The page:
Gold and Inflation


Conventional wisdom holds that gold, as a store of value, is a hedge to dollar price inflation. However, the empirical evidence that gold is in fact a good inflation hedge is at best mixed, and usually mildly negative. Blose [2010] surveys eleven recent articles on the relationship between gold prices and expected inflation, finding that three of those articles unambiguously conclude that the answer is yes; four conclude that the evidence is mixed, and four conclude that the answer is no. In his own study, Blose [2010] finds that there is no statistical relationship between gold prices and unexpected changes in the CPI. Kogan and Konstantinovsky [2008] find little correlation between gold prices and changes in break-even inflation rates.31 This suggests that, in the long run, gold can best be viewed as diversifier.

Intellectual Property and Inflation


Investor focus on real assets has focused on tangible assets, or claims on such tangible assets, that are likely to preserve value in the face of changes in the overall level of prices. However, a significant portion of GDP is now made up by so called intangible assets, such as intellectual property. Like tangible assets, these assets are important ingredients in the products of goods. See for example, Nakamura [2009], Corrado, Hulten, and Sichel [2006], Blair and Waldmann [2003], Lev [2001], Hand and Lev [2003]. Intangible assets have historically been bundled with other corporate assets and available for investment through traditional means. However, in recent years, there has been an increased interest in unbundling and isolating intangible assets, intellectual property, in particular for standalone investment purposes. Examples of such assets include patent portfolios, film copyrights,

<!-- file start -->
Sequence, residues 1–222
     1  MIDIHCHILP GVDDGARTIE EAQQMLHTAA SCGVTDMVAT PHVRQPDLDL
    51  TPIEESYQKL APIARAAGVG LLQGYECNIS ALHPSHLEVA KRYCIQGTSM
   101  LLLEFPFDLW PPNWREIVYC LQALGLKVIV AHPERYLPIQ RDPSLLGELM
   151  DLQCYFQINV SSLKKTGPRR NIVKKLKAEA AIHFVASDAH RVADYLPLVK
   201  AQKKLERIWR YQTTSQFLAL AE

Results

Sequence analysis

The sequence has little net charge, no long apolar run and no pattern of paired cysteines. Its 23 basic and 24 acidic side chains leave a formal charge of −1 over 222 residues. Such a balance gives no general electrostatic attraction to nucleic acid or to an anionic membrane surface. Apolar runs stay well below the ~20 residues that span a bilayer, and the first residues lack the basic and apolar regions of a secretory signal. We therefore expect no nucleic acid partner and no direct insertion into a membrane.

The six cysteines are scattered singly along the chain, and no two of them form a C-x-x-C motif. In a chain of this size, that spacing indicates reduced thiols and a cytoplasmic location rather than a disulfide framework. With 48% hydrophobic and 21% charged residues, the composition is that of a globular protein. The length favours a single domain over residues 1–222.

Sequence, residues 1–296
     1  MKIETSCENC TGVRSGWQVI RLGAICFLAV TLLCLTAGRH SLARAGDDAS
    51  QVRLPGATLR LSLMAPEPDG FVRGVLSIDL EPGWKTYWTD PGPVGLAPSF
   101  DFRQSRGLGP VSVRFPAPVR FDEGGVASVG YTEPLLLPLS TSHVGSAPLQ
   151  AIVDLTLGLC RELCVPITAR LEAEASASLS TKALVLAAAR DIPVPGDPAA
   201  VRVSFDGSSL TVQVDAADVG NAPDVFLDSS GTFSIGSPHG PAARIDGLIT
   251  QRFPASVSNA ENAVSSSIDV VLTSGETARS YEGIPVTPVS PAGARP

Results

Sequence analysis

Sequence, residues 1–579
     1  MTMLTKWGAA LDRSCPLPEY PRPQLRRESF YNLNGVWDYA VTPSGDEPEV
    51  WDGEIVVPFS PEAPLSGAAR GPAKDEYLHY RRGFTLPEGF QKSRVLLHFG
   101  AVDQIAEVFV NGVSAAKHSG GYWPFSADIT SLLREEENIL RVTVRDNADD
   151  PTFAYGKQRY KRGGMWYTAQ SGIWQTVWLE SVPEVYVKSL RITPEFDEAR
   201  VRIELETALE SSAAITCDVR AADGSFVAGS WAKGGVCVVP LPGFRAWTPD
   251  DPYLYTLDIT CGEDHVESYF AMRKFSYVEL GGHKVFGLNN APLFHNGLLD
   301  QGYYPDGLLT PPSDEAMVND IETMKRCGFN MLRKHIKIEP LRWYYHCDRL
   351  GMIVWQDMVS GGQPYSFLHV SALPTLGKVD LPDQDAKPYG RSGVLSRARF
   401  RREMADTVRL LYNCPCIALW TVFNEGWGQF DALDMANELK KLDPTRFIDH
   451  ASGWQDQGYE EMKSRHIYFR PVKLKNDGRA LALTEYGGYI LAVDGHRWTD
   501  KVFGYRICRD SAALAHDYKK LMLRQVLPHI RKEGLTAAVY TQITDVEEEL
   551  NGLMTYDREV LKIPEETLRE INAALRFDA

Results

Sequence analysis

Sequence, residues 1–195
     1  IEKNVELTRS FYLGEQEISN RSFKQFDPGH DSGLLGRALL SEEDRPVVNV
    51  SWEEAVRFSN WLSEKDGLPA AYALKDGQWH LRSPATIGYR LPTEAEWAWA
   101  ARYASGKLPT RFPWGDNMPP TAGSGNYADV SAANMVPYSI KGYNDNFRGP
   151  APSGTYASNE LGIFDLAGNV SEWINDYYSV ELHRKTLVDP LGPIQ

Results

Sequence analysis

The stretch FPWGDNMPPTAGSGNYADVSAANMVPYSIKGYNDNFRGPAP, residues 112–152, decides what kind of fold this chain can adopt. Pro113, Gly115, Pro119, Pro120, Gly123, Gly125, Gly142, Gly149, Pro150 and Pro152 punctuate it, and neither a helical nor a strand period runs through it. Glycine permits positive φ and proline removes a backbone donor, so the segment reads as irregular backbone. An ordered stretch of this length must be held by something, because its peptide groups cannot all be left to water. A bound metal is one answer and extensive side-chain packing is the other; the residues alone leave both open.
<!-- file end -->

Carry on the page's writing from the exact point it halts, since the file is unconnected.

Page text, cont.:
31. Many investors may be dismayed to learn that there is little empirical evidence to support investment in gold as a hedge for inflation. In general, the case for gold as a hedge for inflation has been based on recounting of anecdotal evidence, perhaps revolving around periods of hyperinflation. However, the actual empirical evidence associated with advanced, stable economies like that of the United States does not provide support for gold as a specific inflationary hedge.

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music or other media, and brands. For an extensive discussion of the opportunities and strategies associated with unbundled intellectual property, see Wood Creeks white paper: Intellectual Property Asset Management: Capitalizing on Innovation [2008]. Much of this unbundled intellectual property is unbundled in a form that allows the owner to collect regular cash flows from licensing or other means of revenue generation. It is estimated that annual IP licensing revenues are on the order of 500 billion dollars.32 Empirical evidence suggests that many of these forms of intellectual property are attached to economic sectors that have expeFigure 26: Tangible/Intangible Business Investment as a Percentage of US GDP
14.0% 12.0% 10.0%

Percent of GDP

8.0% 6.0% 4.0% 2.0% 0.0%

Tangible Business Fixed Investment Source: Nakamura [2009]

Intangible Business Investment